- Extinction risk from climate change
The extinction risk of climate change is the risk
specieshave of becoming extinctdue to the effects of global warming.
The scientific consensus in the
IPCC Fourth Assessment Reportis that "Anthropogenic warming could lead to some impacts that are abrupt or irreversible, depending upon the rate and magnitude of the climate change.""There is medium confidence that approximately 20-30% of species assessed so far are likely to be at increased risk of extinction if increases in global average warming exceed 1.5-2.5°C (relative to 1980-1999). As global average temperature increase exceeds about 3.5°C, model projections suggest significant extinctions (40-70% of species assessed) around the globe."
In one study published in "Nature" in 2004, between 15 and 37% of known plant and animal species will be extinct or heading for eventual extinction by 2050.cite journal | author = Thomas, C.D. | coauthors = Cameron, A.; Green, R.E.; Bakkenes, M.; Beaumont, L.J.; Collingham, Y.C.; Erasmus, B.F.N.; Siqueira, M.F.D.; Grainger, A.; Hannah, L. | year = 2004 | title = Extinction risk from climate change | journal = Nature | volume = 427 | issue = 6970 | pages = 145–148 | doi= 10.1038/nature02121 | url = http://www.mnp.nl/bibliotheek/digitaaldepot/20040108nature.pdf |format= PDF | accessdate = 2008-04-15] More properly, changes in habitat by 2050 will put them outside the survival range for the inhabitants, thus committing the species to extinction.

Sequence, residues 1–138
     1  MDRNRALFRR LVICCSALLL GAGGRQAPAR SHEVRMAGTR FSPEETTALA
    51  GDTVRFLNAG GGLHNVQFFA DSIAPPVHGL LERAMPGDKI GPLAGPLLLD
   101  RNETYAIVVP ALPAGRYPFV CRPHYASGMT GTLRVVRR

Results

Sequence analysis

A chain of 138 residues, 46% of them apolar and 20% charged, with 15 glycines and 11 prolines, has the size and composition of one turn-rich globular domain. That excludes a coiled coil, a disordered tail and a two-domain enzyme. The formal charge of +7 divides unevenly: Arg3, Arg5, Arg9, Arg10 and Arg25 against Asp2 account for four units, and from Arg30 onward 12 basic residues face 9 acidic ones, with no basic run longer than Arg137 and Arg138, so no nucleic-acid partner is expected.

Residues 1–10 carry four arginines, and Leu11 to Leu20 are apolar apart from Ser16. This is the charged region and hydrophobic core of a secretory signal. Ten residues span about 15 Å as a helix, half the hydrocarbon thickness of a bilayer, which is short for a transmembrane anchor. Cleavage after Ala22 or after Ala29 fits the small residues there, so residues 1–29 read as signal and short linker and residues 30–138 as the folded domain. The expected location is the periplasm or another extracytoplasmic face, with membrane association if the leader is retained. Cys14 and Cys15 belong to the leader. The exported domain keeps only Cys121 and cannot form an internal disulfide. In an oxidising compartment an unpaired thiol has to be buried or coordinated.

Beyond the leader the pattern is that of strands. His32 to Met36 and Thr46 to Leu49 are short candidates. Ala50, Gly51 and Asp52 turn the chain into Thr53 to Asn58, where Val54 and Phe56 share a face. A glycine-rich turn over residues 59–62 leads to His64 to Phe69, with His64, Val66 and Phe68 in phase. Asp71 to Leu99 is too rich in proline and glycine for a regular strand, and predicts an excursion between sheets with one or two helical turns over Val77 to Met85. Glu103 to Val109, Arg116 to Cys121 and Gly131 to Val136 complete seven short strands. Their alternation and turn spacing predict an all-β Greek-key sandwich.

The abstract states:
Climate change over the past 30 years has produced numerous shifts in the distributions and abundances of species and has been implicated in one species-level extinction. Using projections of species' distributions for future climate scenarios, we assess extinction risks for sample regions that cover some 20% of the Earth's terrestrial surface. Exploring three approaches in which the estimated probability of extinction shows a power-law relationship with geographical range size, we predict, on the basis of mid-range climate-warming scenarios for 2050, that 15−37% of species in our sample of regions and taxa will be 'committed to extinction'. When the average of the three methods and two dispersal scenarios is taken, minimal climate-warming scenarios produce lower projections of species committed to extinction (18%) than mid-range (24%) and maximum-change (35%) scenarios. These estimates show the importance of rapid implementation of technologies to decrease greenhouse gas emissions and strategies for carbon sequestration.